The application of moiré fringe method makes the distortion magnified for observation and the magnification is the ratio of the deviation of the local fringe intersection to the local sample distortion, i.e., r/(1 + r2 –2rcosθ)1/2, which approximates to 1/|θ| if the situation of |1−r|<<|θ|<<1 is met. The resolution of the scanner limits the characterization of the deviation of the fringe intersection; therefore, the resolution of our approach is the scanner resolution divided by the magnification of our approach. For instance, as θ = 1°, the magnification 1/|θ| will be about 60. The scanner resolution is currently set as 42.3 μm, meaning we can get easily a resolution higher than 1 μm. Scanners with higher resolution can be employed if higher resolution is required.
4. Conclusion and Future work
We successfully quantify the dimensional distortions occurring during a hot-embossing process by using the moiré fringe approach. The reference and test grid are placed together to form the moiré fringes, and image processing techniques are applied to obtain a fitted grid matching the fringe pattern. The global contraction and local distortions in the embossed sample are obtained simultaneously. To the best of our knowledge, this is the first time distortions have been measured in a large area up to that of a document scanner and with high resolution at the level of 1 μm. The method is demonstrated here with samples that are 50 mm square, although in principle samples as large as the scanner’s platen could be measured: typical scanners have platens slightly larger than an A4-size sheet of paper. All that is required is for the reference grid to be large enough to cover the whole sample. We do not use special equipment to control or measure the reference–sample angle, nor a microscope to observe or record the fringes, but manipulate the sample by hand, acquire the images by a scanner and process the images automatically by computer, which makes the procedure very straightforward to carry out.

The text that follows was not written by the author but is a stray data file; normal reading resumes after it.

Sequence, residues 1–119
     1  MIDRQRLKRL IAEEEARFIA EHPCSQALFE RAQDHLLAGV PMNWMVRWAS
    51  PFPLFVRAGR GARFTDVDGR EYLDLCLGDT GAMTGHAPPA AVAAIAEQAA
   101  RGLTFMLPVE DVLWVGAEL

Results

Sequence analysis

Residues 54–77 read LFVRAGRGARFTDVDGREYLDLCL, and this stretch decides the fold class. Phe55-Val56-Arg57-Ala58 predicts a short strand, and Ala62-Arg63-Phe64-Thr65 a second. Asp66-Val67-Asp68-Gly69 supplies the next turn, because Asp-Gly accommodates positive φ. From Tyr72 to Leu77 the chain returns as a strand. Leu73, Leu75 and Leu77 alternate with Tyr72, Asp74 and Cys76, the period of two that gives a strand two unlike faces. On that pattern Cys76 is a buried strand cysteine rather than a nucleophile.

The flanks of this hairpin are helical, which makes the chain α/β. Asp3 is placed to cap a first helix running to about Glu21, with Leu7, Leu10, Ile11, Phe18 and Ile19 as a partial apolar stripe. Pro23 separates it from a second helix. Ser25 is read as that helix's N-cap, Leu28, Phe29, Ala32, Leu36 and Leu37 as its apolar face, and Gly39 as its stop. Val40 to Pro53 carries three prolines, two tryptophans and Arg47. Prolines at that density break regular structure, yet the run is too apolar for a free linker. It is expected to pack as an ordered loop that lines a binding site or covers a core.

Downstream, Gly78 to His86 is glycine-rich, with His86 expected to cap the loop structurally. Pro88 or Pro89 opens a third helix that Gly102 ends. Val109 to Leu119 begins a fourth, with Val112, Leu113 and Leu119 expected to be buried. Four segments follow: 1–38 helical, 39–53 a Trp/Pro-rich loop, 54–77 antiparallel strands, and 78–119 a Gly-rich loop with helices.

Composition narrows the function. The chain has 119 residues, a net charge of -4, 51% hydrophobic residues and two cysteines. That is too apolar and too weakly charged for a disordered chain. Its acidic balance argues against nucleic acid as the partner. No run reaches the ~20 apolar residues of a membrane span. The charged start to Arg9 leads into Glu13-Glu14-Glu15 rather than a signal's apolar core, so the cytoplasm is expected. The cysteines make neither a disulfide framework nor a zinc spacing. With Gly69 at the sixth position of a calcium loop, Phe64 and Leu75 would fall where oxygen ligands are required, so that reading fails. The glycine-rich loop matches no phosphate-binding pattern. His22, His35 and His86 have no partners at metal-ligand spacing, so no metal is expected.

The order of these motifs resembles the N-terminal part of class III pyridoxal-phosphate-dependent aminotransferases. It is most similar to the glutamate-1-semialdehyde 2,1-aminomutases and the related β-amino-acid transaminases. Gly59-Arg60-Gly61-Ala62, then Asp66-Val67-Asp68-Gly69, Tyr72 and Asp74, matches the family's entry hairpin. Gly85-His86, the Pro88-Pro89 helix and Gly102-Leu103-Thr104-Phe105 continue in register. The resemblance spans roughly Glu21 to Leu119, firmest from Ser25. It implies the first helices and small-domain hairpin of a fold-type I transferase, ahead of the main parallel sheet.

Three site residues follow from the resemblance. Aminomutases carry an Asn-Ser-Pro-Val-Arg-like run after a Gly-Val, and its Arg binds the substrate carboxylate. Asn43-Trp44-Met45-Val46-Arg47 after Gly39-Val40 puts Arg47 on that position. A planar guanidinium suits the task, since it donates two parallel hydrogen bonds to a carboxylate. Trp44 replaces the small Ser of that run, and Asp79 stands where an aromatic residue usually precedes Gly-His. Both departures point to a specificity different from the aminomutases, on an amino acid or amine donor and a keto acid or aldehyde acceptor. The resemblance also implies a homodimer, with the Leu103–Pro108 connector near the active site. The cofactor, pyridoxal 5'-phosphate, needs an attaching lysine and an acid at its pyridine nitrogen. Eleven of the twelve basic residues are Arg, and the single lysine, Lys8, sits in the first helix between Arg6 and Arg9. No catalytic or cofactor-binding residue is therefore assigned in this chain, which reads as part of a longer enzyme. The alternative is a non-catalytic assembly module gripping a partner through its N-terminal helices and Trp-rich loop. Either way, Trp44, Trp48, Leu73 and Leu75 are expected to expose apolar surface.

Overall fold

This method has a valuable application in optimizing the process parameters of the hot-embossing technique. In a future publication we will apply it to characterize the distortions in samples embossed under various candidate temperatures, pressures, and loading times, to determine the best working conditions for production. Because a highly regular pattern is required to be embossed across the entire area of the substrate, this method, in its present form, is not suitable for the direct on-line monitoring of manufactured, functional components.
To improve the performance of this approach, progress will be made in two aspects. First, in the currently acquired images the consistency of the contrast and brightness of the moiré fringes is not perfect, which causes much difficulty in image processing. This inconsistency probably results from the nonuniform profile of the embossed grid pattern, i.e. variation in the shape and depth of the embossed micro channels. Secondly, the analysis presented here cannot be used to characterize the out-of-plane distortions, so a more sophisticated geometrical model for the formation of moiré fringes needs to be developed. These problems will be addressed and solved in the future.
The authors would like to thank the Singapore-MIT Alliance for supporting this research. The authors Zhiguang and Hayden contributed equally to this work. We are indebted to Dr Li Shiguang in Nanyang Technological University, who gave us much help in this work.